Despite another Scotties heartbreak, Homan and Miskew continue to amaze

Despite another Scotties heartbreak, Homan and Miskew continue to amaze

This is an excerpt from The Buzzer, which is CBC Sports’ daily email newsletter. Stay up to speed on what’s happening in sports by subscribing here.

Kerri Einarson’s team joined elite company

The 33-year-old skip and her rink from Manitoba won their second consecutive Scotties Tournament of Hearts with a 9-7 victory over Rachel Homan’s Ontario team in last night’s final in Calgary.

Einarson, third Val Sweeting, second Shannon Birchard and lead Briane Meilleur are just the eighth team in the 61-year history of the Canadian women’s curling championship to go back-to-back — and the first since Homan and third Emma Miskew did it in 2013 and ’14 with a different front end than the one they play with now.

By beating Homan’s team in the final for the second straight year, Einarson’s rink also has to be considered the early favourite to win the Olympic trials later this year and represent Canada at the 2022 Games in Beijing.

A few other takeaways from the Scotties:

Homan and Miskew are an incredible duo.

Yes, they’ve now lost three consecutive Scotties finals. But they’ve also won three, and it easily could have been more. Their previous two defeats came in extra ends, and Homan was eight months pregnant for this one. In any case, just getting to the title game three times in a row is a pretty remarkable accomplishment. And there’s a very plausible alternate universe in which Homan and Miskew have reached five straight finals. After winning the Scotties in 2017, they opted to pull out of the ’18 event so they could focus on the Olympics, which started only a few days later.

So, to recap, Homan and Miskew have made it to the final of six of the last eight Scotties they’ve played in and won three of them. They also own a world title and they’ve won the Canadian Olympic trials — arguably the toughest event in the sport. That resumé is already among the greatest in curling history, and it’s probably going to get better. Miskew just turned 32 years old. Homan is still 31.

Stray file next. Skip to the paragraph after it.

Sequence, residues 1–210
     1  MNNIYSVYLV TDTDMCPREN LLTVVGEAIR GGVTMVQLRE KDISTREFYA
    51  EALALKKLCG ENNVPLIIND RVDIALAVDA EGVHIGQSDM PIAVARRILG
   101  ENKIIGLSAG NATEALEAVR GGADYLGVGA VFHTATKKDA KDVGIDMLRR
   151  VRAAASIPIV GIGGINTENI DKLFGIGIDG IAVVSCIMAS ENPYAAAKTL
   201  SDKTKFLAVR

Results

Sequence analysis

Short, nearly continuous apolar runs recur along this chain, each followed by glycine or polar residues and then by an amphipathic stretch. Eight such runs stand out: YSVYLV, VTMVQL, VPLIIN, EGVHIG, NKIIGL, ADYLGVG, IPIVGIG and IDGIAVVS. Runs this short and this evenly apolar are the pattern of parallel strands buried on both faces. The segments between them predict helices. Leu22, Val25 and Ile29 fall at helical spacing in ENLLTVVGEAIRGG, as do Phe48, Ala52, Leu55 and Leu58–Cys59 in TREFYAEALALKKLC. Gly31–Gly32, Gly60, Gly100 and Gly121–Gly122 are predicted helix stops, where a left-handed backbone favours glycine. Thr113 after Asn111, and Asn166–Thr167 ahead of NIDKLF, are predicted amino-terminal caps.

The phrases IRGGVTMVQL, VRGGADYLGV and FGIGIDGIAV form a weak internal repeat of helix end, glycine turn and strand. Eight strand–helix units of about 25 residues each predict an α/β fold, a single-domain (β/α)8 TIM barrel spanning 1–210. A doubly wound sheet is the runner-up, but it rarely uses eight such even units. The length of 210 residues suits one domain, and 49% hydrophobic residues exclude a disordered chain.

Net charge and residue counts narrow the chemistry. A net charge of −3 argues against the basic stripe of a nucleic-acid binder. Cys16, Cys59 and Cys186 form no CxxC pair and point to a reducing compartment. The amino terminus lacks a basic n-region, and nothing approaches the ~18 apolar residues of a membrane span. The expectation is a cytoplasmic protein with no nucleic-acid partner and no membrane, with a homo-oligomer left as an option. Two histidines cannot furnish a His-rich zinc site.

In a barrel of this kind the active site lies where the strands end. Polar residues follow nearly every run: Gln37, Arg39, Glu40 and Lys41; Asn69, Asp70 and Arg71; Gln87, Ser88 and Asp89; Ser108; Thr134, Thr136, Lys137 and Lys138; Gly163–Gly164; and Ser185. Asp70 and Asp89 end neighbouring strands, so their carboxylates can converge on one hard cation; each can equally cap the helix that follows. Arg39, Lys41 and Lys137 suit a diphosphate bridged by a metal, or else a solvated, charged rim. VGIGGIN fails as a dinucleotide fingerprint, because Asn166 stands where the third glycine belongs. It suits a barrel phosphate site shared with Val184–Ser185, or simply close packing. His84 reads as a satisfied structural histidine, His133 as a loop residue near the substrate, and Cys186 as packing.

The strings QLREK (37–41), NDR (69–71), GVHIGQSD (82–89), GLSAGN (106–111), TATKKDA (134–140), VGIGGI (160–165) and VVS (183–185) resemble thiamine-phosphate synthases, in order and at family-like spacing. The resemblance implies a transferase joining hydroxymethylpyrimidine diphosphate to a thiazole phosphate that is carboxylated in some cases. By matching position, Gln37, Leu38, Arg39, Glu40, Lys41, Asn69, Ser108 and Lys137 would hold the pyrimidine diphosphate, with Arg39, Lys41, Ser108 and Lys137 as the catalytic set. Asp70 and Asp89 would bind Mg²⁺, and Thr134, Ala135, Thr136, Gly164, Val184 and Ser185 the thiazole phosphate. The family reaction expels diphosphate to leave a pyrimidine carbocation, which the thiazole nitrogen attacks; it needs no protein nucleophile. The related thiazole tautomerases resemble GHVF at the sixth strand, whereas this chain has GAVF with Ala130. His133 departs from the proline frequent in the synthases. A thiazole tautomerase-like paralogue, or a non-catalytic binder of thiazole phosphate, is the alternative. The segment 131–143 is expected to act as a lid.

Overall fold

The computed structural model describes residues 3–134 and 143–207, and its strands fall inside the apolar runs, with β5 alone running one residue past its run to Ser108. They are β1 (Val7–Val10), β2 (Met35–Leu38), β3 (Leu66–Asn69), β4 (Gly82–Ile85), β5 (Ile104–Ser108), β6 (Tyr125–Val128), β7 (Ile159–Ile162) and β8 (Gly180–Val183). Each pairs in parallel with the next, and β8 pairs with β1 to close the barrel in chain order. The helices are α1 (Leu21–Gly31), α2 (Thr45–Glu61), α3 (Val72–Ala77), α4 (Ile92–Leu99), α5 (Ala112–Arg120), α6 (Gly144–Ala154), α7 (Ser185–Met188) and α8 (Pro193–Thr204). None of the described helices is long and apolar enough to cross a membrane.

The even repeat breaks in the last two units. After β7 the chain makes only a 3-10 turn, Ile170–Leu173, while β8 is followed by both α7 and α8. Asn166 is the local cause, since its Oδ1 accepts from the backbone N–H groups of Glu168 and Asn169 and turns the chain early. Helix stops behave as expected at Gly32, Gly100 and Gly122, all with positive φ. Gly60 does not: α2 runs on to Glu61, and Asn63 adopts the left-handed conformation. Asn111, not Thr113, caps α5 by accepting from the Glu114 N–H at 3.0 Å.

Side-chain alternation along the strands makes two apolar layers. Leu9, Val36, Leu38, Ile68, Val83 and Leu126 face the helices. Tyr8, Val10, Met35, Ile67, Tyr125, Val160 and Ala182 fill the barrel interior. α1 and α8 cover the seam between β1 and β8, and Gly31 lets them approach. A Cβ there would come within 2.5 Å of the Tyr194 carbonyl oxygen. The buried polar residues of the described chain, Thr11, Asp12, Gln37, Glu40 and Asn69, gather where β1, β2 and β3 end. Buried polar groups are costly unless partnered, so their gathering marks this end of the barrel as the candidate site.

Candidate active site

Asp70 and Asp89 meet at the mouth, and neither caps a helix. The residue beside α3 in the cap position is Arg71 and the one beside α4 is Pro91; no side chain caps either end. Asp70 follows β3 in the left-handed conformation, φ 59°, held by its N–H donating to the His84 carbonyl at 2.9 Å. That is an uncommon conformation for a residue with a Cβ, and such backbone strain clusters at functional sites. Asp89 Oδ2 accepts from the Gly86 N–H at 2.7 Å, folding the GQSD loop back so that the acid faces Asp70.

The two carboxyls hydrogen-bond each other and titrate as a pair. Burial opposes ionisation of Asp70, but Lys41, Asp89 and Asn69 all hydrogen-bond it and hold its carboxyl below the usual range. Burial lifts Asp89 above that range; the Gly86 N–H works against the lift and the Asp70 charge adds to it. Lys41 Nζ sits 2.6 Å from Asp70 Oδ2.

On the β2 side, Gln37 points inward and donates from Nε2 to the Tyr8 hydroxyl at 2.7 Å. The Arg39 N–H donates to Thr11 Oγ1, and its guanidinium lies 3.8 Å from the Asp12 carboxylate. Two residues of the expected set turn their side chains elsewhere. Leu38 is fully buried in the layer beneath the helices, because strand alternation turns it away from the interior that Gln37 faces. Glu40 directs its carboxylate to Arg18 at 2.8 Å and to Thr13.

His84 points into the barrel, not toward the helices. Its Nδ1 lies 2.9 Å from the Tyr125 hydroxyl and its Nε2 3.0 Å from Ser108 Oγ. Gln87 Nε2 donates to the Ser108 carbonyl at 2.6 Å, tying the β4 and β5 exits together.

Einarson’s team might get to play for a world championship after all.

They were denied that opportunity last year when the pandemic hit, and this year’s worlds in Switzerland were also called off. But CBC Sports’ Devin Heroux reports that planning is underway to try to bring the women’s worlds to the Calgary bubble.

Only thing is, the place is pretty booked. The Brier starts Friday and runs through March 14, followed by the Canadian mixed doubles championship March 18-25, the men’s world championship April 2-11, and back-to-back Grand Slam of Curling events that run from April 14-25. So, if they can pull it off, it seems like the women’s worlds would have to start at the tail end of April or early May.

The bubble worked.

Sure, the atmosphere was a little eerie with no fans in attendance (those cardboard cutouts were awfully quiet), but from a health standpoint the entire tournament went off with only one minor hitch. A Draw 3 game between Einarson’s team and the Northwest Territories was postponed after a Northwest Territories player came down with food poisoning. But coronavirus tests for everyone on the team came back negative, and the game was made up two days later.

The Brier is only four days away.

Brad Gushue’s Team Canada begins defence of its national men’s title on Friday night in the Calgary bubble vs. John Epping’s Ontario rink. More good news for curling fans: by popular demand, That Curling Show with Devin Heroux and six-time Scotties champ Colleen Jones will return Friday and run every night of the Brier on the CBC Olympics Twitter, Facebook and YouTube pages.